Is it great fun to have a tool for different conditions? uh huh
Is it necessary? ummmm, no.
"non-traditional" doesn't really adequately address the full range of ski design these days. There are skis that basically are traditional skis with a rockered tip (K2 Aftershock, Dynastar Sultan 94, Elan Spire, Kastle MX98) that ski like a regular ski, and just feel a touch short due to shorter contact length. There are bigger skis (K2 Hellbent) that have tons of tip and tail rocker and that ski nothing like a regular ski and are much more specialized. There are tip/tail rocker and traditional camber (Rossi S7, Dynastar Slicer and new Huge) that fall in between in terms of a soft snow and cruddy snow mix. There are zero camber and reverse camber skis (old Dynastar Huge, Elan 1010, Volkl Katana) that are made for softer snow but are quite versatile. Big rockered tip only skis (Dynastar LP 115, Blizzard Answer IQ) that seem to be more straight-ahead big turn skis. And, there are regular camber, regular shape skis (Nordica Enforcer, Volkl Mantra, Elan Apex) that totally rip too.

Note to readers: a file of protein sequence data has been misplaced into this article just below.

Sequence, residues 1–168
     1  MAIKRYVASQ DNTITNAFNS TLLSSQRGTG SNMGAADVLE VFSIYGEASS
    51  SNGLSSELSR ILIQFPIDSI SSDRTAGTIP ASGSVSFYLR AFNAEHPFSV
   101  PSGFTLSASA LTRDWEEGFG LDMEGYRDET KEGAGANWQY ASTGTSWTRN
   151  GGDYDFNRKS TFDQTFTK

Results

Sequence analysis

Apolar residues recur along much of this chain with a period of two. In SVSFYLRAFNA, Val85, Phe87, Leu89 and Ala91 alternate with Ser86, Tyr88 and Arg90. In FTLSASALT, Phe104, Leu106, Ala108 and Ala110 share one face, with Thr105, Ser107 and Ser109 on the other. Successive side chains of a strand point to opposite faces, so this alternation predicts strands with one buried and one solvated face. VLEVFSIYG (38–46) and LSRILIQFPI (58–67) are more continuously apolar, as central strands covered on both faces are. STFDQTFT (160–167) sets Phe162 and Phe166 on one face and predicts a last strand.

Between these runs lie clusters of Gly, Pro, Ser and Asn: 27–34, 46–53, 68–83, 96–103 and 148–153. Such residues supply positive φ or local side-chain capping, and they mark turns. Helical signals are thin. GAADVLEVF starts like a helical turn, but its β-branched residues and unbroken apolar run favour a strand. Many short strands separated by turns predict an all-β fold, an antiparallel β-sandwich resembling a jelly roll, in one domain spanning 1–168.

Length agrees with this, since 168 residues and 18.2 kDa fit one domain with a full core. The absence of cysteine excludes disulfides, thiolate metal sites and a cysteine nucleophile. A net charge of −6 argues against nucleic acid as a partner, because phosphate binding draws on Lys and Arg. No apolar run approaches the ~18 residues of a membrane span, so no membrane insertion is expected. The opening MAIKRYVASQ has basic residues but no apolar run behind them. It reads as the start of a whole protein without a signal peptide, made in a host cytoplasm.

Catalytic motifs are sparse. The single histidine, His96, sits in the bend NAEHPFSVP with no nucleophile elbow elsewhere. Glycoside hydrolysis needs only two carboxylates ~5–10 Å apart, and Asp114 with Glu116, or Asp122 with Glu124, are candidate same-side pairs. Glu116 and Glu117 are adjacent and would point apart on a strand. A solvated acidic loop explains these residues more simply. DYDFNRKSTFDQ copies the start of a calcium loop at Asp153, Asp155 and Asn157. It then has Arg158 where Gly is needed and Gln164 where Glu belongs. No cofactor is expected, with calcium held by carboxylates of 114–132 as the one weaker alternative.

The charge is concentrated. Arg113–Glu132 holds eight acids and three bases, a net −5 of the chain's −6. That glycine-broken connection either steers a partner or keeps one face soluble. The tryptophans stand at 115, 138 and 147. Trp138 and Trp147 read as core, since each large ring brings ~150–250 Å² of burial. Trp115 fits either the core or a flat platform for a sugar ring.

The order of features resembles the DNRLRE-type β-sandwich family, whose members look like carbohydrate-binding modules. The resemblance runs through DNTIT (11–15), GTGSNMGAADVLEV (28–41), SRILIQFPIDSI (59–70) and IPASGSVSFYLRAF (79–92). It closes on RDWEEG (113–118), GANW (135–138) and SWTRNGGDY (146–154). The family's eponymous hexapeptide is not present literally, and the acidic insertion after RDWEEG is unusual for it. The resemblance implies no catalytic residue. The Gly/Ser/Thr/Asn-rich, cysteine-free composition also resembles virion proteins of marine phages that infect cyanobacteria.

There is a lot more going on that just the shape. Construction plays a big role in terms of how a ski "skis". As has been mentioned above, the ski is just a tool, and choosing the right tool is simply finding the ski that skis well and makes the fewest compromises for the conditions you ski. Obviously, there is no one right answer, and since conditions change, we have a lot of options these days, and designs that work well in different conditions.
No real reason to be dogmatic about ski design. Most climbers I know don't get too worked up about whether Bosch or Hilti makes the better hammer drill; they just want to get the bolts sunk and the climb put up. Skis are just tools, and if you can't ski, it doesn't matter what is on your feet. I say buy what works for you!